To a cooled (10 °C) solution of compound 9 (5.4 g, 32.9 mmol) in acetonitrile (120 mL) thriethylamine (4.33 g, 5.96 mL, 42.79 mmol) was added followed by the addition of 2-chloroacetonitrile (2.73 g, 2.29 mL, 36.16 mmol). The reaction mixture was stirred at room temperature for 10 h. The solvents were distilled off under reduced pressure and the residue was dissolved with dichloromethane (150 mL). The organic layer was washed with water (2x50 mL) and was dried over anhydrous sodium sulfate and evaporated to dryness under reduced pressure to provide crude compound 10. The residue was dissolved in ethyl acetate and filtered through a bed of silica to afford (4.0 g) sufficiently pure compound 10 which was dissolved in dichloromethane (120 mL), cooled to 10 °C and triethylamine (2.588 g, 3.56 mL, 25.58 mmol) was added followed by the addition of di-tert-butyl dicarbonate (4.296 g, 4.57 mL, 19.68 mmol). The reaction mixture was stirred at room temperature for 4 h. The reaction mixture was cooled to 10 °C. Another lot of di-tert-butyl dicarbonate (0.86 g, 0.915 mL, 3.94 mmol) was added and the reaction mixture was stirred at room temperature for further 2 h. The reaction mixture was diluted with dichloromethane (400 mL) and washed with water (2x60 mL). The organic layer was over anhydrous sodium sulfate and evaporated to dryness under reduced pressure to yield crude compound 11. The crude mass was dissolved in 30% ethyl acetate in hexane and filtered through a bed of silica to afford (5.1 g) sufficiently pure compound 11.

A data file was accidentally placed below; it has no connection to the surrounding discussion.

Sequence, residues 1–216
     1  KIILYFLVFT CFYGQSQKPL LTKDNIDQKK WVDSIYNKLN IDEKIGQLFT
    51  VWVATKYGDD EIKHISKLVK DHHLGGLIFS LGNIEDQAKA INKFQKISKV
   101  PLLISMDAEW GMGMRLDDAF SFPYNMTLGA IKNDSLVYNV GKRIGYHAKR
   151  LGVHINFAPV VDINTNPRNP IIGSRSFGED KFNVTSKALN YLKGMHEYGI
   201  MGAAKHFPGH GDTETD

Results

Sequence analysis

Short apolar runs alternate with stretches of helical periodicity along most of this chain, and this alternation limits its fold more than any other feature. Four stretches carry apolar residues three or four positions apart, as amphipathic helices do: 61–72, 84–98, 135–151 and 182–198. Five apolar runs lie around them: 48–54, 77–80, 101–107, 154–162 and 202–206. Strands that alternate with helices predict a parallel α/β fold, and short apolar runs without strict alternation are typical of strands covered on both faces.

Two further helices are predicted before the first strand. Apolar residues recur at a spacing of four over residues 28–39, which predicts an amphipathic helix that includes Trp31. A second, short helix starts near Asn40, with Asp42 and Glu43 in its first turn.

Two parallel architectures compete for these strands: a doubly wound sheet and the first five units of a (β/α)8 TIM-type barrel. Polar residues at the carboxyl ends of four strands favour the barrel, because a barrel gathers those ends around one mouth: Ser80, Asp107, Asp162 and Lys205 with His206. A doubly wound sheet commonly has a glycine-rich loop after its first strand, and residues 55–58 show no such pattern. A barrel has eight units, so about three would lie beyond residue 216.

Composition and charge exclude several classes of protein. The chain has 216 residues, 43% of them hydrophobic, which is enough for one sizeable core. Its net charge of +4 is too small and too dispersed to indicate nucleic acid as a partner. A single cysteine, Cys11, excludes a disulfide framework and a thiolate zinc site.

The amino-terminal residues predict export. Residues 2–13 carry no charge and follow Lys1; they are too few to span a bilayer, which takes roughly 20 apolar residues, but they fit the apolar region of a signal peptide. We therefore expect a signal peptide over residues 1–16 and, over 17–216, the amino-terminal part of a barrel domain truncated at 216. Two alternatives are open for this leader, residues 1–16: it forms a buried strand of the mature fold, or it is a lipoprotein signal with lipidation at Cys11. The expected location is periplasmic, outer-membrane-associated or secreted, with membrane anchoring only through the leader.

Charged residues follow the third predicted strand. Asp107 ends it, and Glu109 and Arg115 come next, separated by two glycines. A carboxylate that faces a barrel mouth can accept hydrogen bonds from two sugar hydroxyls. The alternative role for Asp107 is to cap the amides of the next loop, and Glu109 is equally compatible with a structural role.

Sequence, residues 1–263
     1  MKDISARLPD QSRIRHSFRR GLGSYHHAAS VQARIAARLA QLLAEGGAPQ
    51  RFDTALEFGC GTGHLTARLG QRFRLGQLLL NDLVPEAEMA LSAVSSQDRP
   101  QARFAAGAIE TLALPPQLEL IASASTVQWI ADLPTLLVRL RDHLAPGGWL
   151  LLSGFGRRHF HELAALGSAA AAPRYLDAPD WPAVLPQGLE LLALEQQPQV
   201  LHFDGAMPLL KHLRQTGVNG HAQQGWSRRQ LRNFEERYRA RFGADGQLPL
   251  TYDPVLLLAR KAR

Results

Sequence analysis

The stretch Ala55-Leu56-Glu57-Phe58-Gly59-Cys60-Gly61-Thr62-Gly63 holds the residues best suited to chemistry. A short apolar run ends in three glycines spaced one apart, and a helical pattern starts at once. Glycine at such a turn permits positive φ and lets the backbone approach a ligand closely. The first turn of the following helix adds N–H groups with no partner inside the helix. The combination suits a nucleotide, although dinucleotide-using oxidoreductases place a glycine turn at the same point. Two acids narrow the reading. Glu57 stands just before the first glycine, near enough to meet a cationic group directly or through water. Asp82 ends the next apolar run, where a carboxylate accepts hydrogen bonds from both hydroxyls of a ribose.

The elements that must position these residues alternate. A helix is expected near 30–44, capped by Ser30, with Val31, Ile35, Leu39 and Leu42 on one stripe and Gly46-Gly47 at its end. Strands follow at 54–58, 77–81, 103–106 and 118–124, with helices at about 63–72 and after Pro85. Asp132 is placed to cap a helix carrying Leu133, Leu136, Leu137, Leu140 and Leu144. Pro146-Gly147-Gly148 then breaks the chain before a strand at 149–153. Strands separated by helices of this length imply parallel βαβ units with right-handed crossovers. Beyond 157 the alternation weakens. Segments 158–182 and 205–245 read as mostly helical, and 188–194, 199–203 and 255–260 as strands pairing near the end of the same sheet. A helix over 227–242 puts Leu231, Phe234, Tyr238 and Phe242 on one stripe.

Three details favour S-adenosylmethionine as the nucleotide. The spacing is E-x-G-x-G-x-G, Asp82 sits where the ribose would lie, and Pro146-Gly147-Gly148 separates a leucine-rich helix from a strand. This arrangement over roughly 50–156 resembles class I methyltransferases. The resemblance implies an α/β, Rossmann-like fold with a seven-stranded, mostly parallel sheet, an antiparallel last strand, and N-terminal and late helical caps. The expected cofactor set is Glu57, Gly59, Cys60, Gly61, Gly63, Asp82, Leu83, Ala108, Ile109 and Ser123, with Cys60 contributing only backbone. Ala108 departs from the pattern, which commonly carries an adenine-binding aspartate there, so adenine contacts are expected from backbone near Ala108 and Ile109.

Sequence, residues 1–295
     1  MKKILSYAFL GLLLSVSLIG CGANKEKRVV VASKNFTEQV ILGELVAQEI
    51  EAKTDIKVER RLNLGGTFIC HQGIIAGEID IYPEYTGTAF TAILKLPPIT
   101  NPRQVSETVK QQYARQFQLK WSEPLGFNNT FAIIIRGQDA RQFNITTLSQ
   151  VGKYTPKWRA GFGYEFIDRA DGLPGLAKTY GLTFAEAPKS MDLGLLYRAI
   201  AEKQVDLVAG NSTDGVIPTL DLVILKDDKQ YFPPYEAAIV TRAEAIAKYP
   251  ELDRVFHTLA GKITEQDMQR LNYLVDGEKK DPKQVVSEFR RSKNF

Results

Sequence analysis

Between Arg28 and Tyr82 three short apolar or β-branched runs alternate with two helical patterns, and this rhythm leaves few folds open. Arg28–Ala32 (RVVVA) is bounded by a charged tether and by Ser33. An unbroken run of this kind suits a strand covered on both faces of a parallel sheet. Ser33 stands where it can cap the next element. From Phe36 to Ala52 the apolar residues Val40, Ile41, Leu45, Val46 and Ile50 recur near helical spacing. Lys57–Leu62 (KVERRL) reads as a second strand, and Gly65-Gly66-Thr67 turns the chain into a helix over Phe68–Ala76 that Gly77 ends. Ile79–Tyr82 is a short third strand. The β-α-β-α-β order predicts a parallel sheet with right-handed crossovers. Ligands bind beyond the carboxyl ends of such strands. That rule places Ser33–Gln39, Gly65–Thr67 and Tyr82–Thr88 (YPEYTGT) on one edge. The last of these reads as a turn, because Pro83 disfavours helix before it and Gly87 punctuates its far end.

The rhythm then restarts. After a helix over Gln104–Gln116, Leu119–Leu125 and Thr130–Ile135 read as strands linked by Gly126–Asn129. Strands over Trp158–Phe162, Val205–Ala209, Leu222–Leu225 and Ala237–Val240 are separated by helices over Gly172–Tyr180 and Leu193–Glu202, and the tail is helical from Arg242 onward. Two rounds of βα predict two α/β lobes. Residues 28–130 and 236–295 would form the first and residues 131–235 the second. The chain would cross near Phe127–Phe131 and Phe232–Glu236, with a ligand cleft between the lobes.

To a cooled (10 °C) solution of compound 11 (5.0 g, 16.48 mmol) in methanol (140 mL) nickel(II) chloride hexahydrate (0.32 g, 1.35 mmol) was added followed by the addition of sodium borohydride (1.292 g, 34.15 mmol). The reaction mixture was stirred at room temperature till the disappearance of compound 11. The reaction mixture was quenched with water and methanol was removed under reduced pressure. The mass was diluted with water (50 mL) and extracted with dichloromethane (2x50 mL). The organic layer was washed with water; dried over anhydrous sodium sulfate and evaporated to dryness under reduced pressure to yield crude intermediate 12. The crude mass was taken in 10% methanol in dichloromethane and filtered through a bed of silica to afford (3.9 g) of compound 12.